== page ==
To be eligible to contribute to a Health Savings Account, not only must you have HSA-qualified insurance, but you must also not have any other first dollar coverage that could disqualify you. Other types of coverage that might disqualify you include: A traditional HMO, PPO, or indemnity policy, including cover - age under a spouse's policy A Flexible Spending Account (FSA) or Health Reimbursement Arrangement (HRA), including a spouse's FSA or HRA VA benefits (if received within the past three months) General purpose HRAs and health care FSAs are not HSA-qualified plans. However, certain types of FSAs or HRAs can be compatible with an HSA. For example, if your employer offers a "limited purpose" FSA or HRA that only reimburses dental, vision, and/or preventive care expenses, you can still be eligible for an HSA. These types of plans are desirable because it offers another tax-preferred way of paying for these expenses without using your Certain types of insurance will not jeopardize your eligibility for an HSA. The following types of insurance may offer medical benefits but generally will not disqualify you if they are in place along with the HSA-qualified plan: Insurance for a specific disease or illness, as long as it pays a specific dollar amount when the policy is triggered Hospital indemnity Wellness programs offered by your employer, if they do not pay for significant medical benefits Worksite employee assistance programs (EAP), if they do not pay for significant medical benefits PAF Buyer's Guide: It is possible for you to be eligible for an HSA even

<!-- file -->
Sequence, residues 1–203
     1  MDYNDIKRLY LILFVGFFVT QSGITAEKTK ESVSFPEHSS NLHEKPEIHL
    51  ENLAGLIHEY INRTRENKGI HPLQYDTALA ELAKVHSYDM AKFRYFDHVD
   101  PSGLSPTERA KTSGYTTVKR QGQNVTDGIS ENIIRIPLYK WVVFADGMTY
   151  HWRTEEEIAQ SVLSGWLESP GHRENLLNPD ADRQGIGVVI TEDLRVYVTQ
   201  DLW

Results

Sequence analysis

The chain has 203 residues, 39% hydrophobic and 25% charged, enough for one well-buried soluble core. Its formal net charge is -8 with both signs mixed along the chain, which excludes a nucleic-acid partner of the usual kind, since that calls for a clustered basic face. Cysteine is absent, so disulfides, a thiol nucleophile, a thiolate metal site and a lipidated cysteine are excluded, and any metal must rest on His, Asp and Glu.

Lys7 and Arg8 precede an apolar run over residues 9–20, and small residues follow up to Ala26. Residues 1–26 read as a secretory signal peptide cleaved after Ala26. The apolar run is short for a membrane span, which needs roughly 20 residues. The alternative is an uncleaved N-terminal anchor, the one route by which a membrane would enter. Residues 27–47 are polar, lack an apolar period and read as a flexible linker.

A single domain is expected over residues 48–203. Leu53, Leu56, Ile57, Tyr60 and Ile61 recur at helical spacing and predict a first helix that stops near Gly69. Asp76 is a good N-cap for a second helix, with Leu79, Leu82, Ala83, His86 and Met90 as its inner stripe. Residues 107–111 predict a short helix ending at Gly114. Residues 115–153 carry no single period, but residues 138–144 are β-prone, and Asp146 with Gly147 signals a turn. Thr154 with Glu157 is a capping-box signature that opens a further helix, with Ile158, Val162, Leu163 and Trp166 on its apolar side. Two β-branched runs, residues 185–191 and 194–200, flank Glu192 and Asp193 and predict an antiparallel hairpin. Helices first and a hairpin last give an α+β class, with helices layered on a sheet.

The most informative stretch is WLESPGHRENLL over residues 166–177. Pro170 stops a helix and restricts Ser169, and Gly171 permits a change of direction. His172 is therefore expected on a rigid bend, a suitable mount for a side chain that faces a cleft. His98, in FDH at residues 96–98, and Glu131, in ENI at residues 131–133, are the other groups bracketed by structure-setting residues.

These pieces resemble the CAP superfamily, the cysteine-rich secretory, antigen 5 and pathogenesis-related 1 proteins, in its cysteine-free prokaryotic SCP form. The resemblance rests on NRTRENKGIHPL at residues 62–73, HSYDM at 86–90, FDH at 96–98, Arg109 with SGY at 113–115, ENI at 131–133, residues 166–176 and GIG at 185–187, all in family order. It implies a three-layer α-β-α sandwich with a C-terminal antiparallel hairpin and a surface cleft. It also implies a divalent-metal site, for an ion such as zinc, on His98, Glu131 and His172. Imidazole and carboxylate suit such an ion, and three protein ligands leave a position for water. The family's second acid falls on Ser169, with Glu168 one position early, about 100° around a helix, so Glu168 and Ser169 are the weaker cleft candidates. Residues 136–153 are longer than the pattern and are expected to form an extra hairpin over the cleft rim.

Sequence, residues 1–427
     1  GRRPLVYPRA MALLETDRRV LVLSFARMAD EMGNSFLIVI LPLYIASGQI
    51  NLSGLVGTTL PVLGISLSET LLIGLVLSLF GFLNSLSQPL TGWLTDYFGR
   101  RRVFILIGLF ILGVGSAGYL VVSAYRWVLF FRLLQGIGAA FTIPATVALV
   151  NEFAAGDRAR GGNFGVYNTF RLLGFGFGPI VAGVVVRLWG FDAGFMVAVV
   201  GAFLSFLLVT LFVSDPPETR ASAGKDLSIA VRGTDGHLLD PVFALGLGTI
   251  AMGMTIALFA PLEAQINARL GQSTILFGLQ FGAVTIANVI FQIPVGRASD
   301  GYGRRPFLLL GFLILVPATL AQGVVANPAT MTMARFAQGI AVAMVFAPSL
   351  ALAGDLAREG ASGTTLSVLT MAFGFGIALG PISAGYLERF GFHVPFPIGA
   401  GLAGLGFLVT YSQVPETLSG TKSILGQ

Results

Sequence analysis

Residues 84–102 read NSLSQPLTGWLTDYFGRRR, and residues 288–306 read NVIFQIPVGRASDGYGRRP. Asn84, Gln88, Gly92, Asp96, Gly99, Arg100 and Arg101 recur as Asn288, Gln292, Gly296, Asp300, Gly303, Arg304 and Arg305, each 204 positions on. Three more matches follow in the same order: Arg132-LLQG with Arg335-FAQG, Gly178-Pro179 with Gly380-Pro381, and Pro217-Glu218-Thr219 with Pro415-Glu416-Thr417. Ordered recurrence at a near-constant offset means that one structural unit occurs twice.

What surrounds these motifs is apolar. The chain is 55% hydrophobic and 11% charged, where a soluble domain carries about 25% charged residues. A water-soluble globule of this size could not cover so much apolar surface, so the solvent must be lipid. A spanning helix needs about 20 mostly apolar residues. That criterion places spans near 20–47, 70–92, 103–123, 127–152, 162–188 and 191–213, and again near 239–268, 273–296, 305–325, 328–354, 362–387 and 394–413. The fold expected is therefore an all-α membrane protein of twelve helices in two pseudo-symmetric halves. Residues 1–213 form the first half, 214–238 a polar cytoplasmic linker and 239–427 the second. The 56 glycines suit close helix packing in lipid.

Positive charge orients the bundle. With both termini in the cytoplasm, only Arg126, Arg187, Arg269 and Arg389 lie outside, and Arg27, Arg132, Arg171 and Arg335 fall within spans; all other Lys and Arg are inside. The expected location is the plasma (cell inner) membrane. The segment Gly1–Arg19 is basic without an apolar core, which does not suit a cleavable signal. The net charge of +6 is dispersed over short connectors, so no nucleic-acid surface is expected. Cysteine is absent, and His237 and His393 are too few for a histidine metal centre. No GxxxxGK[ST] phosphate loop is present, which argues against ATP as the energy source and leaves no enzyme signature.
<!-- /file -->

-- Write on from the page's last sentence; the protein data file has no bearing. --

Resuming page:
though the rest of your family is not. This is possible even if you have "family coverage" that covers the rest of your family members. However, you should be particularly careful when a family member (except dependent children) has "other coverage" because it could jeopardize your ability to have and contribute to an HSA. Although HSA-qualified policies can be used as "secondary insurance," your primary insurance may eliminate your ability to contribute to an HSA account. Be especially careful when your spouse has other insurance coverage or an FSA or HRA through his/her employer. It is not good enough to say you will never use their coverage or account to pay for your medical expenses – your spouse's plan/account must not allow your expenses to be paid (and should state this in writing). It is acceptable for your spouse's coverage/account to cover your children's medical expenses. Since dependent children cannot establish their own HSA accounts, any other coverage they may have is not It may be worthwhile considering purchasing a supplemental "hospital indemnity" policy. They can be relatively inexpensive but will help you fund your HSA account if you are hospitalized and have to pay your entire deductible all at once because you are hospitalized.